French Charging Laws Could Leave Electric Car Adoption in Flames

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Scenes from dedication of electric-car charging station at Creekside Inn, Palo Alto, CA

Scenes from dedication of electric-car charging station at Creekside Inn, Palo Alto, CA

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Earlier this week we told you about the Danish town refusing to allow charging station and battery provider Better Place from installing charging points unless it painted them green. 


Now the electric car craziness has headed south to France, where officials at the French Ministry for the Environment have detailed guidelines which could dramatically affect the way in which electric car charging stations are deployed and used throughout France.  

If implemented at its most severe, the guidelines could lead to laws allowing only one public charging station per floor of a public parking garage, or requiring parking lot owners to separate electric vehicles being recharged with fire-walls. 

2011 Chevrolet Volt using Level 2 240-Volt charging station in Vacaville, California

2011 Chevrolet Volt using Level 2 240-Volt charging station in Vacaville, California

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A less draconian version of the law would mean public charging points would have to be sited nearly 50 feet apart or placed together in a semi-confined space,  increasing the cost of installing multiple charging points significantly. 

The charging guidelines continue into domestic installations too, with the ministry imposing strict laws to limit the charging of electric cars on domestic outlets. 

While charging from a 230V power outlet will be allowed, the ministry wants to restrict the charging current to only 12 amps. That would result in a charging time for cars like the 2011 Nissan Leaf of around 12 hours. 

If an owner wishes to drop the charging time to a more acceptable 10 hours, they will have to pay for their home to be inspected and verified for 13 amps, or have a dedicated, hard-wired charging station installed.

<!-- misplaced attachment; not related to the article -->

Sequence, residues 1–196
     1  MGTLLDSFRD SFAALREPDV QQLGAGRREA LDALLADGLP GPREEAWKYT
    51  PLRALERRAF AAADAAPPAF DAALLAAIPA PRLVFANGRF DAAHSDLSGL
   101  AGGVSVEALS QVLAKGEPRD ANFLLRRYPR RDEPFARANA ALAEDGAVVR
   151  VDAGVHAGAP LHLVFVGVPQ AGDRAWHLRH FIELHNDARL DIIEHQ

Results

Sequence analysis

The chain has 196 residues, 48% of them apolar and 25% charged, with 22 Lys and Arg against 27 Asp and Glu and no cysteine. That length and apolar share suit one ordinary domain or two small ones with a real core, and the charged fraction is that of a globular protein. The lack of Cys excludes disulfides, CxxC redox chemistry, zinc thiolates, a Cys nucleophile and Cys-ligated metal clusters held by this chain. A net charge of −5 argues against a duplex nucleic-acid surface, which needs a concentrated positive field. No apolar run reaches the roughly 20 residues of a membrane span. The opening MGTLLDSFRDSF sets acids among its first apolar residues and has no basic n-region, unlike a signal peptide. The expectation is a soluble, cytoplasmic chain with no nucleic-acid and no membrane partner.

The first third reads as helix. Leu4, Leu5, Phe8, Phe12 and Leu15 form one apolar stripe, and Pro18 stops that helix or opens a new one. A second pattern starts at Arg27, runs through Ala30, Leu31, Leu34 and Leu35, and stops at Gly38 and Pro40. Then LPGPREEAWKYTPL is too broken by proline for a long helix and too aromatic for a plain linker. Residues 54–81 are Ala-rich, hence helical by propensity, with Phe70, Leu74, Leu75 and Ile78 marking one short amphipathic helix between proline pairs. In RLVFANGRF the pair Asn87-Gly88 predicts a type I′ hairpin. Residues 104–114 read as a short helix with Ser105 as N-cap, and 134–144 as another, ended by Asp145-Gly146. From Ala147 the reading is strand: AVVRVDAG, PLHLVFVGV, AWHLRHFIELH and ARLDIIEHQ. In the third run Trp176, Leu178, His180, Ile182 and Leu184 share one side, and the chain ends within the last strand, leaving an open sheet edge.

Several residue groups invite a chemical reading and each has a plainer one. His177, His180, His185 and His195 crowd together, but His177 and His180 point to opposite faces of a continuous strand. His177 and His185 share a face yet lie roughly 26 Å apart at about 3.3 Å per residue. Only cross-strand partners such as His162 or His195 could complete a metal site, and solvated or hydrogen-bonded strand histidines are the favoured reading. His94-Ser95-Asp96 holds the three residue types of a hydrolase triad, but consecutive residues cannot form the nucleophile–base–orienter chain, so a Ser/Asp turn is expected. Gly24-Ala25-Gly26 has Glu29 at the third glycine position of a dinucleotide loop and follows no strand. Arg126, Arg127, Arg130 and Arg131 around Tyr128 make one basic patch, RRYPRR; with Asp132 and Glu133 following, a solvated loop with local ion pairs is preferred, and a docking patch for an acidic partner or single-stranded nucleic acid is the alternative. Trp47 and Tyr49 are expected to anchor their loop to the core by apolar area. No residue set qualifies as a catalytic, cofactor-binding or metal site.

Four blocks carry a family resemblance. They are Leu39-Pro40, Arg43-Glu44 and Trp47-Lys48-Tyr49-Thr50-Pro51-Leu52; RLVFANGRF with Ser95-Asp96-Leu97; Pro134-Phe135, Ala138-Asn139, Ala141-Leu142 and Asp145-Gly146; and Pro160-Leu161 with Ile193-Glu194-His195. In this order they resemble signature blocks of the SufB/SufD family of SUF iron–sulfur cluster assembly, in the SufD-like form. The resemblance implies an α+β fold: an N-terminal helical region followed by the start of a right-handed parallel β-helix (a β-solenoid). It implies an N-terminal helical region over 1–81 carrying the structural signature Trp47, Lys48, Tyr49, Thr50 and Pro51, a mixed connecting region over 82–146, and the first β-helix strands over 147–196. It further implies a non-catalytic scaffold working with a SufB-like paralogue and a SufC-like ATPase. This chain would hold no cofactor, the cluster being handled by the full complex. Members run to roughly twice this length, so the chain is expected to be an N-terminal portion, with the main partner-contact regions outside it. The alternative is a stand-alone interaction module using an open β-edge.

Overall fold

Both options are unlikely to be cheap. 

Why the laws? The ministry claims it is to help prevent electric cars from bursting into flames when charging due to badly designed battery packs. 

Burning electric cars? Either French electric cars are more combustable than electric cars from other countries, or French authorities are seriously overreacting. 

Ultra-Capacitor Bus in Shanghai after fire; photo from Eastday

Ultra-Capacitor Bus in Shanghai after fire; photo from Eastday

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Okay, we have to admit we’ve heard stories of electric cars bursting into flames, but they represent a tiny proportion of the electric cars in the world today.

About the same as the number of gasoline cars which burst into flames then. 

Of those electric vehicles which have spontaneously combusted, all of them have either been custom-made electric vehicles, conversions of gasoline cars or vehicles made by automakers we’ve never even heard of

In other words, we think that France’s potential new electric car laws go a little too far, especially for a country in which it is possible for someone to drive a tiny, underpowered, gasoline automobile without so much as a crumple zone or airbags on the road without even owning a drivers license. 

Only in France...


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Comments (4)
  1. The Danish are very childish in their requests and the French have never been known for their superior intellect. I can understand the French wanting to be cautious about electric cars heating up and catching on fire though. GM's Chevy Volt's electrical cord heats up and even melts, and that is because of the shotty craftsmanship of all of GM vehicles.

    The French should demand higher quality control on the electric cars they build and allow to come into their country, but don't make electric cars more difficult for their people to buy and use. After all, isn't France's main purpose is to get away from fossil fuels of all kind?

  2. Welcome to the wonderful world of govt regulations.
    The regulators don't have to prove anything. They are simply working "to protect your health."

  3. Only two years ago France announced a €2.5 billion program to get one million charging points in place by 2015 and now new these new laws make sure that that's never going to happen. This is a familiar pattern: governments that dream of EV's and bureaucracies with close ties to a countries energy sector that throw spanners in wheels to make sure everything stays the same.

  4. The 12 amp safety limit for portable EV charging devices is exactly the same as the US National Electrical code on a 15 amp circuit for longer than 3 hours:
    (BIG file)
    My Think City EV charges a bit below the limit at 10.5 amps with a portable charger, and the outlet still gets quite warm. Hard wired is the way to go, except for occasional use.
    At 13 amps, it takes me only 8 hours to charge at 240 volts from zero to 105%. I believe the Think battery capacity is the same as the Leaf. UK mains voltage is slightly lower, perhaps the charger built into the Leaf is a bit less efficient than the Think. The Think charger is over 95% efficient, better than the Mini E especially at 120 V

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